Uncovering de novo gene birth in yeast using deep transcriptomics

Will Blevins gives us an insider’s insight into his PhD project, where he complemented his computational expertise with experimental work to identify more than 200 de novo genes in yeast.

Saccharomyces cerevisiae (baker's yeast) plate. Images by Rainis Venta, CC BY-SA 3.0, via Wikimedia Commons, and Will Blevins.

I met Mar Albà in October, 2013 as I began my MSc in Bioinformatics at the Universitat Pompeu Fabra. She was the professor of a course called Principles of Genome Bioinformatics, where we learned some of the essential underlying concepts of bioinformatics, as well as getting some practical hands-on training.

When it came time to choose a project for my MSc thesis, I decided to join Mar’s lab after hearing about their research into finding out how de novo genes are born. Mar suggested that I read a really cool paper called “Proto-genes and de novo gene birth“, which proposed that hundreds of young de novo genes in baker’s yeast may have real adaptive potential. I was captivated by the mystery surrounding these de novo genes, and the potentially profound evolutionary consequences of their existence. 

“I was captivated by the mystery surrounding de novo genes, and the potentially profound evolutionary consequences of their existence”
Will Blevins

For my thesis project, Mar proposed that we could do some experiments to follow up with the findings of the “Proto-genes…” paper: if we could assemble transcriptomes from scratch for a dozen closely-related species of yeast, we could dig even deeper into the question of where these young de novo genes came from.

More than just baking powder; yeast as a model system

I started to learn more about baker’s yeast, since I only knew a few things about it; I knew it was a single-celled eukaryote from the fungal kingdom, and that it was used to bake bread! However, I quickly learned that baker’s yeast AKA Saccharomyces cerevisiae could be used for much, much more than making bread.

I was impressed at how such a “simple” organism with only ~6000 genes had developed such ingenious and specific responses to changing environmental conditions. After reading more about S. cerevisiae, I still didn’t fully comprehend the true power of the experiments that one can design with a eukaryote that is so readily manipulated in the lab. This is where our collaboration with Lucas Carey’s Single Cell Behavior group, then at the Department of Experimental and Health Sciences, Pompeu Fabra University (DCEXS-UPF), began, since neither Mar nor myself had much experience designing our own experiments involving multiple species of yeast.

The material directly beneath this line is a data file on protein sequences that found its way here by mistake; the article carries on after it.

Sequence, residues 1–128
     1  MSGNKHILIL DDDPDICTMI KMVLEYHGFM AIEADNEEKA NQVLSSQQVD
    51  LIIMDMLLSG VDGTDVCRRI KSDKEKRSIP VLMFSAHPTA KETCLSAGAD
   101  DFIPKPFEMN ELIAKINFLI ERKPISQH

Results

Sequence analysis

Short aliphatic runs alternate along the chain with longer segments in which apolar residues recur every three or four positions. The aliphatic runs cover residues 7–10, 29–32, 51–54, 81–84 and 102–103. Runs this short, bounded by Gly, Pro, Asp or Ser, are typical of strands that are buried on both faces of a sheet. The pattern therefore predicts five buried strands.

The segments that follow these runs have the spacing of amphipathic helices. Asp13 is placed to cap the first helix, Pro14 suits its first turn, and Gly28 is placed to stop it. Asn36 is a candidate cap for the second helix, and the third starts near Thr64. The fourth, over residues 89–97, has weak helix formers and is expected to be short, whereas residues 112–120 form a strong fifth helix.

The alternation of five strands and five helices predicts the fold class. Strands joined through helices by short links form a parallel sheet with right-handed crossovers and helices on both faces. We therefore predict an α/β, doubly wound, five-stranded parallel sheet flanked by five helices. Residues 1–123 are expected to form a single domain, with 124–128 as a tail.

Together, we started to plan the experiments, trying to figure out the logistics and costs. Due to the amount of purified RNA we needed to be able to reconstruct the transcriptome for each species from scratch, we couldn’t run our experiments on 96-well plates (which would have made everything a LOT easier since you can automate many of the steps).

From dry to wet: what a computational biologist can learn in a lab

On my first day in the wet lab, I dropped “Yeast Stock Box #1”, sending a dozen cryo tubes flying, with a few cunning tubes hiding themselves under the lab bench. [To translate this for the computational folks out there, this would be like dropping an external HDD that contained the only copy of the raw data for the last 3 years of your projects.]

Fortunately, we were able to find all the tubes and put them back in the freezer before they could defrost, but I became *very* aware of how important it is to have physical backups… After all, there’s no CTRL+Z in the laboratory! Lorena Espinar was kind enough to guide me step-by-step through the protocols, going from frozen cells to purified RNA, which really helped me to better understand the raw sequencing data and potential sources of bias.

I experienced first-hand some of these common sources of bias that computational folks rarely encounter: